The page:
Despite the enticing produce in their windows, Muslim-owned retailers on east London’s Brick Lane are unusually quiet as a cost-of-living crisis bites into Ramadan earnings.
The historic street is the hub of London’s Bangladeshi community, and normally a vibrant destination for shoppers during the Islamic holy month, which in Britain started on the evening of March 22.
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But this year, Muslim and other customers are paring back on non-essentials, according to Taj Stores co-owner Jamal Khalique, who has had to put up his prices to keep pace with double-digit inflation.
“This makes it a bit more difficult for people already suffering from high costs of living,” said the 51-year-old, who sells everything from fresh produce and halal meat to South Asian sweets and snacks.
People are “purchasing what they need, necessities, not extra things like they normally do”, Khalique added.
Business is also depressed across the road at Rajmahal Sweets, which would normally be bustling with shoppers picking out Iftar treats to break the daily fast.
“People have no money because of this crisis,” said Rajmahal worker Ali, who declined to give his last name.
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Customers who once bought two to three kilograms (4.4-6.6 pounds) now only purchase a half-kilo of offerings like jalebis — swirls of deep-fried batter soaked in syrup — and sugar-dusted Turkish delight.
England and Wales are home to nearly four million Muslims, and just under 40 percent of them live in the most deprived areas, according to census data released last year.
That makes the cost-of-living crisis particularly painful for communities such as those around Brick Lane, one of the poorest parts of London.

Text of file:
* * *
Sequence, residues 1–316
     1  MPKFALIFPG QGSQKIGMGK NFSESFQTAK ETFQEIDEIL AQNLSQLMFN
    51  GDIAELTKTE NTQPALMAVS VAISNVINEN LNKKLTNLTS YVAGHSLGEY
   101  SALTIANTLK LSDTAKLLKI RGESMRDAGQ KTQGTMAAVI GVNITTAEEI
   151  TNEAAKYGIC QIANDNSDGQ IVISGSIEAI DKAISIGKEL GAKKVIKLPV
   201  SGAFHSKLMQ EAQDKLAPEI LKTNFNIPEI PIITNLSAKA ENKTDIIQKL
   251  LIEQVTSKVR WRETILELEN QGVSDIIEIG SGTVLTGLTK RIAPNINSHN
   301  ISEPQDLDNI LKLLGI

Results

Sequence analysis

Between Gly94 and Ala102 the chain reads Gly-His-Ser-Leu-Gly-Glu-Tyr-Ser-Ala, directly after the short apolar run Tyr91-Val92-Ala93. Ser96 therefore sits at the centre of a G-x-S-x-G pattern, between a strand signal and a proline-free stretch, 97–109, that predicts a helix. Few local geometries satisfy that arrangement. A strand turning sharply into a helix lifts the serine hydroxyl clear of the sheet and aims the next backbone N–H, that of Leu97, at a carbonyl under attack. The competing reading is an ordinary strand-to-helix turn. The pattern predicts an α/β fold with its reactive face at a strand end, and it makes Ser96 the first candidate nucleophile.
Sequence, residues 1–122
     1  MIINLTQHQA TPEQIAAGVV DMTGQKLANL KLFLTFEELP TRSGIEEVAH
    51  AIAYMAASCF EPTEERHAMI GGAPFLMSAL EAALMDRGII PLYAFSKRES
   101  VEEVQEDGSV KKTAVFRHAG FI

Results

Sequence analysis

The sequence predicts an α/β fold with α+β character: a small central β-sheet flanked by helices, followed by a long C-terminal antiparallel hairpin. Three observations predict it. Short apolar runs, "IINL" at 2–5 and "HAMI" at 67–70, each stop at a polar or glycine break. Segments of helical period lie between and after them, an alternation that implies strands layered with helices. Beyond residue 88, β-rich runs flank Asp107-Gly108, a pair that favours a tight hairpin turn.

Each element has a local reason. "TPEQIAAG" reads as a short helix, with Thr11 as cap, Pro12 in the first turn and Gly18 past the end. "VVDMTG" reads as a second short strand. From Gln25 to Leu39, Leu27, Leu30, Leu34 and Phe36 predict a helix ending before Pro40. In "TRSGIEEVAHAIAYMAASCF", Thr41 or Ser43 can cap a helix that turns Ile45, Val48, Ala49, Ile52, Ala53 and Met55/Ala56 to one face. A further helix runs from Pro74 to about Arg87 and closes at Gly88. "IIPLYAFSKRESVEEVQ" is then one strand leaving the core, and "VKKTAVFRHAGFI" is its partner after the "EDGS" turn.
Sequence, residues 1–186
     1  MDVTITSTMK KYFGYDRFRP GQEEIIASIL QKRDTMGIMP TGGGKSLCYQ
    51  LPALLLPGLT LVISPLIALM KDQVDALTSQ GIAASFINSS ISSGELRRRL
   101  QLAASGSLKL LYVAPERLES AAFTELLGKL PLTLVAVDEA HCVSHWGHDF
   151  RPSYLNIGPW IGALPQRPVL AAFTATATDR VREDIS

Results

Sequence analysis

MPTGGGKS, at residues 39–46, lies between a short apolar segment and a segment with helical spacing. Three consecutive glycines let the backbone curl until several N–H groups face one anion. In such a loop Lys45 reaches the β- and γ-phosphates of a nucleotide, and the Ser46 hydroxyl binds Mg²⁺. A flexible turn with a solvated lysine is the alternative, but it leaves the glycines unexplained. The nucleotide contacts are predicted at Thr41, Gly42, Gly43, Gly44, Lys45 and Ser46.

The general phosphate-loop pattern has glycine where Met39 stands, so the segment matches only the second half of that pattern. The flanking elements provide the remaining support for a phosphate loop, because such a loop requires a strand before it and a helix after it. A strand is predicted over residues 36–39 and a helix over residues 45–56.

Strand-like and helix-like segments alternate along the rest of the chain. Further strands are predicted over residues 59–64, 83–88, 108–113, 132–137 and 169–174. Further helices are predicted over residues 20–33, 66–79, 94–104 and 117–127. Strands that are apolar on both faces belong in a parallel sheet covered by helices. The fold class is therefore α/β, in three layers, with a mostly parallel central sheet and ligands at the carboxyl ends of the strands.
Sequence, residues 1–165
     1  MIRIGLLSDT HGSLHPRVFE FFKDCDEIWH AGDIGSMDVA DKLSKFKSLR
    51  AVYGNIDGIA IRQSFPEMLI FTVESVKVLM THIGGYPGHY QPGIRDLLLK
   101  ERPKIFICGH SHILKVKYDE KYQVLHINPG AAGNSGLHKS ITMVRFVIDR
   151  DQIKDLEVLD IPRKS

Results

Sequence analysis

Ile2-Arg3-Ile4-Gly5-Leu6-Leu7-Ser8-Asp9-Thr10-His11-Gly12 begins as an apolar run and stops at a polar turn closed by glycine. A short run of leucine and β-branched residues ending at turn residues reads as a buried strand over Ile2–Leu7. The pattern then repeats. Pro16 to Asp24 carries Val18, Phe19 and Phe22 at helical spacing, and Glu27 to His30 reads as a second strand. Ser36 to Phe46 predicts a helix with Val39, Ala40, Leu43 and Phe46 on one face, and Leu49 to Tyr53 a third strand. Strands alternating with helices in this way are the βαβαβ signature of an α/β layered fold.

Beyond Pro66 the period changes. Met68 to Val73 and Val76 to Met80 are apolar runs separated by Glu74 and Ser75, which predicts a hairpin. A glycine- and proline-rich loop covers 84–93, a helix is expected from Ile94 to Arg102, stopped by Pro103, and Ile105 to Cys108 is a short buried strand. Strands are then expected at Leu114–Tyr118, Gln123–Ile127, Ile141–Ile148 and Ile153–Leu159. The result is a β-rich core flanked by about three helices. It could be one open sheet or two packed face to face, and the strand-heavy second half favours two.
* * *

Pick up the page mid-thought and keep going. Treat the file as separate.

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– Supermarkets muscle in –
A November 2022 survey by the campaign group Muslim Census found that nearly one in five British Muslims were relying on handouts from charitable food banks.
“It’s shocking to see how dependent people are becoming on food banks,” said Sahirah Javaid of Muslim Hands, a charity that runs two community kitchens in London and the English Midlands city of Nottingham.
“Food poverty makes Muslims unable to break their fast with their community,” she added.
Huzana Begum, 27, is one of those feeling the pinch.
“Before, if we brought £20 ($25) here, we would get everything. It’s very expensive now,” she said, browsing the shelves of Brick Lane’s Zaman Brothers store, boxes of spice mix in hand.
While Begum has tried to cut down on groceries in general, Ramadan poses a unique challenge.
Iftar meals after sunset bring together relatives and communities, and she is hosting and cooking for extended family including cousins.
That means spending rather than saving.
“We have a plan, me and my husband, every month we can save money from my work and from his salary as well. But this month, we can’t,” said Begum.
Independent retailers such as those on Brick Lane are seeing more competition from supermarket giants like Tesco, Sainsbury’s and Asda, which have been targeting Muslims with their own Ramadan ranges.
“They can afford to slash their prices. We can’t. So obviously, they do divert the customers to them,” Khalique of Taj Stores said.
“We’ve been established since 1936, I’ve been in the family business for 34 years, and I’ve never felt hardship in my life. But I’m feeling it now,” he added.
“If this continues, God knows if we can carry on.”